4. If now’s the first time you’re connecting to the ubuntu2 host, type yes at the confirmation prompt and press Enter.

5. Next, type the user account password on ubuntu2 and press Enter. Once you enter the correct password, the file copy will proceed.

Copying a file with the SCP command
Copying a file with the SCP command

6. After copying the file, switch to your ubuntu2 terminal and run the below command to list the directory contents.

ls

Confirm that the file backup.txt exists and you’ve successfully copied the file.

Listing the copied file
Listing the copied file

7. Next, display the copied file’s content to confirm that the file is intact on ubuntu2.

cat backup.txt
Confirming the file
Confirming the file

8. Lastly, to confirm that the files are identical, get the SHA1 checksum of each file on both machines and compare the values. This step is an extra measure to verify the file’s integrity did not change during the transfer.

# on ubuntu1 and ubuntu2
sha1sum backup.txt
Comparing the file checksum
Comparing the file checksum

Running Recursive Copy with the SCP Command

In the previous section, you learned to copy individual files from a local system to a remote system using the SCP command. You often need to copy an entire directory with its subdirectories and files in real-life scenarios.

Copying entire directories typically apply to backup scenarios. Suppose your server (ubuntu1) runs a web server whose files are in the /var/www/ directory. Below is the sample folder tree structure.

/var/www
├── html
│   └── index.html
└── your_domain
    └── index.html

You can effortlessly back up the entire folder to a remote destination with the SCP command.

In most cases, backup operations run through automation scripts and scheduled tasks or cron jobs. This example demonstrates how you would back up an entire directory manually.

1. First, create a web-server-backup directory on ubuntu2.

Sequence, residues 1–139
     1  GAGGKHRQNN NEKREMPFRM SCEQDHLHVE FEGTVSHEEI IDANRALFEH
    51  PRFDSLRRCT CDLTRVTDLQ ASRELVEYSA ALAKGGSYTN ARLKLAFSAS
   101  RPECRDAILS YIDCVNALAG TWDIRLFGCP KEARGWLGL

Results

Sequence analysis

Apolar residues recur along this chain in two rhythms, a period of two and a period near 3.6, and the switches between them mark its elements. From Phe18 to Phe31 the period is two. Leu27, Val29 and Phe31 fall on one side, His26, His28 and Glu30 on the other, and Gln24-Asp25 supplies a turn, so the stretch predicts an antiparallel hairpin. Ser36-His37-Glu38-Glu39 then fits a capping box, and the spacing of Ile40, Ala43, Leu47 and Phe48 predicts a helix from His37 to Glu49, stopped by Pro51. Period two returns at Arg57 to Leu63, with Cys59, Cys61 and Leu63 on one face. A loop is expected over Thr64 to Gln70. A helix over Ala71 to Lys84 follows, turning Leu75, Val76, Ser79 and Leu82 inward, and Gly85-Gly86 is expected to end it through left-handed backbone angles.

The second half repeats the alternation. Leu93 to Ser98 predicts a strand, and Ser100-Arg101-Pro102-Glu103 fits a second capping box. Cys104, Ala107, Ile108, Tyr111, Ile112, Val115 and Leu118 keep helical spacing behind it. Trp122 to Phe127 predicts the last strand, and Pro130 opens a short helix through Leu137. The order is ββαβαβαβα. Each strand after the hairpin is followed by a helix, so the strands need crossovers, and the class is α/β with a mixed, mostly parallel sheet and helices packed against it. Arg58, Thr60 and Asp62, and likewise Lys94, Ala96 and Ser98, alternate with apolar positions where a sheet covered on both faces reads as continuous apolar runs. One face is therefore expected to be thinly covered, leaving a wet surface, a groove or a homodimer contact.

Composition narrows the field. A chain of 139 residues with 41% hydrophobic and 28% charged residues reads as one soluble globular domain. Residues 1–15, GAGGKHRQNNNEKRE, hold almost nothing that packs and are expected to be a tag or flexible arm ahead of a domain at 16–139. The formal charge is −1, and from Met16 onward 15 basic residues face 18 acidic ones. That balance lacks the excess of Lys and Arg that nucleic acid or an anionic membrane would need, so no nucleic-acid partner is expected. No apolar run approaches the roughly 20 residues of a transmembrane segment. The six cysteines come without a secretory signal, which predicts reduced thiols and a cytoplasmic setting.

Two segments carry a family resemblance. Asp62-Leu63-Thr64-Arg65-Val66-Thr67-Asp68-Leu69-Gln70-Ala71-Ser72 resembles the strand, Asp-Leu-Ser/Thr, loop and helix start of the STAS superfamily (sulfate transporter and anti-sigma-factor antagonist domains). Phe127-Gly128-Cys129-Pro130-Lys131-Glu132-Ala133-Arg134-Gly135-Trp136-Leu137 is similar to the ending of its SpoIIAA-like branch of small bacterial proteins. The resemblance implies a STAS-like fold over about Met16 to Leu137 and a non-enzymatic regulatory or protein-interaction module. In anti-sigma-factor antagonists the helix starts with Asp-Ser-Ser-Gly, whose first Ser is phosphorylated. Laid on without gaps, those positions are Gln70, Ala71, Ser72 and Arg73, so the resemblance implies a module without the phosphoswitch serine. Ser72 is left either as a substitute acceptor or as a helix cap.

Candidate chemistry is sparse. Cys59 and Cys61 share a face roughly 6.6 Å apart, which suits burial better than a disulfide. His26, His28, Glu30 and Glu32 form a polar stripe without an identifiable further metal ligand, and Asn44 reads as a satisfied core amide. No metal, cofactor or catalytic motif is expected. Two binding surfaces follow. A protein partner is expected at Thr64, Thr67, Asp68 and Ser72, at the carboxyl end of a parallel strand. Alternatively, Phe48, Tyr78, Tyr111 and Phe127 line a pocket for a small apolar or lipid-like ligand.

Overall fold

# Create the backup directory on ubuntu2
mkdir ~/web-server-backup
# Display the full backup directory path
realpath ~/web-server-backup
Creating the backup directory on the remote machine
Creating the backup directory on the remote machine

2. Next, switch back to the ubuntu1 terminal and run the SCP command below. The -r switch enables the recursive copy mode, which means that SCP will copy the entire /var/www/ from the top folder down to the last file.

scp -r /var/www/ [email protected]:/home/ata/web-server-backup
Copying an entire folder recursively
Copying an entire folder recursively

3. Now, run the tree command on both systems to compare the directory structure. On ubuntu1, you’ll display the directory tree for /var/www. On ubuntu2, you’ll display the directory tree for the backup directory, which is /home/ata/web-server-backup in this example.

# on ubuntu1
tree /var/www/

# on ubuntu2
tree /home/ata/web-server-backup
Comparing the source and destination directory tree
Comparing the source and destination directory tree

Filtering File Extensions to Copy

Suppose you have a directory on your local system containing mixed file types with different extensions. You’re supposed to copy all files from that folder to a remote computer using the SCP command as part of your job. You already know how to copy entire directories.

But, the condition is that you must only copy all files with the *.txt extension. Don’t panic; you’re still on track, and the solution is not far from what you already did in the previous sections. To filter the files to copy, you’ll be using wildcards.

Common wildcard characters are the asterisk (*), which represents zero, one, or more characters, and the question mark (?), which means a single character.